November 5, 2011 · 0 Comments
Apparently Google isn’t as dominant as you think it is.
Today, chairman and former CEO Eric Schmidt submitted the following in written testimony to to a U.S. Senate subcommittee on fair competition:
As I acknowledged during the Committee hearing, Google is “in the area” of 65% of queries in the U.S., if you look only at Google’s general search competitors, such as Microsoft’s Bing and Yahoo!. In fact, we find that the monthly general search query figures released by comScore and Hitwise don’t reflect the reality of how many sites Google competes with in search.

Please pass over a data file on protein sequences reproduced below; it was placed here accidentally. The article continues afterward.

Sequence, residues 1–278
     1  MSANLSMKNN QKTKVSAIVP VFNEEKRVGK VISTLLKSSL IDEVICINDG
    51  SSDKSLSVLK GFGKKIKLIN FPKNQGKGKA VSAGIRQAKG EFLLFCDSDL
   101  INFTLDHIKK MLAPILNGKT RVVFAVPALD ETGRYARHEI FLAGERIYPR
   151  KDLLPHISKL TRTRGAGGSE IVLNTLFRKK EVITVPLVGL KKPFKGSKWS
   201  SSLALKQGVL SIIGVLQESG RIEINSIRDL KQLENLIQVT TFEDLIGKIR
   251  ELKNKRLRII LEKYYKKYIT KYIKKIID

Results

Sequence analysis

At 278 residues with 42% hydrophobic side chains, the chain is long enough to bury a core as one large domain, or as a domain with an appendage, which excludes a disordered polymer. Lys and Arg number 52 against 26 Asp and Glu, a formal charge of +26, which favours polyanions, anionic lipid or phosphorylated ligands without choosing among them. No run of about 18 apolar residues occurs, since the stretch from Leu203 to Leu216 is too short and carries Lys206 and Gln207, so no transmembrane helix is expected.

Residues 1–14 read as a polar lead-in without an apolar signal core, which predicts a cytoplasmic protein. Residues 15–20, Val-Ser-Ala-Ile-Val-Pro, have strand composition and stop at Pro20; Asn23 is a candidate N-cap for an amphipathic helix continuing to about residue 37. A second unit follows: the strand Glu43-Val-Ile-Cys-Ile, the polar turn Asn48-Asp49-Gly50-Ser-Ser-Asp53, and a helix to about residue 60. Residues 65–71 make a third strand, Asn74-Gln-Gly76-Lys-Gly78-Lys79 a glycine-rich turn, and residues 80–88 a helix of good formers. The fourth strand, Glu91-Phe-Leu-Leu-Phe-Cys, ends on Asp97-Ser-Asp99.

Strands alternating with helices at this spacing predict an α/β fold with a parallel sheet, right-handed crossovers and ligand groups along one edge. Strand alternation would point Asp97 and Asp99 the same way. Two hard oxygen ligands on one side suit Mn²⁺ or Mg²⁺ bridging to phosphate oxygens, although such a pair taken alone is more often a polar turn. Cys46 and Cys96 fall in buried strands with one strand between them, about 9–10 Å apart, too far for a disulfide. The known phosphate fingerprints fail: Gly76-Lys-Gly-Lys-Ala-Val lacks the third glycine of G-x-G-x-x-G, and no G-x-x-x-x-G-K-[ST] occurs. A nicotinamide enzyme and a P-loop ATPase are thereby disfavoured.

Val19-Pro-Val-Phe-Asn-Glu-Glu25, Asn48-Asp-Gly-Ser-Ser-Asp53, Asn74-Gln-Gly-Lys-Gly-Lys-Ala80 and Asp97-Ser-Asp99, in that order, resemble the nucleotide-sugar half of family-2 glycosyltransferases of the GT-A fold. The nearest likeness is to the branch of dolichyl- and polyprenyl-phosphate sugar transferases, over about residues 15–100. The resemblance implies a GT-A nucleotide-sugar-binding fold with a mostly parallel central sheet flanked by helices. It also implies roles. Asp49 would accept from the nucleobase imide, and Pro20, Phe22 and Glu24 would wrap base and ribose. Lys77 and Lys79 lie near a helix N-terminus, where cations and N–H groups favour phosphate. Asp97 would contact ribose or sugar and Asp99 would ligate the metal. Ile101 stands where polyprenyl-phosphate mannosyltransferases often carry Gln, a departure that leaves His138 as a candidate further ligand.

But the worry of regulators is that Google can simply build competing verticals, then favor its own verticals in search results. And if a competitor carves out a really valuable niche, then Google can just buy it, like it did with travel information site ITA.
This is a retreat from what Schmidt said a month ago when he appeared in person and basically admitted that Google was dominant.
Schmidt’s change of tune was pointed out by the Association for Competitive Technology, a lobbying group that is funded partly by Google competitors like Microsoft and Oracle. But still — it’s an interesting glimpse into how Google might try to fight allegations that it’s a monopoly.
By Emma Brown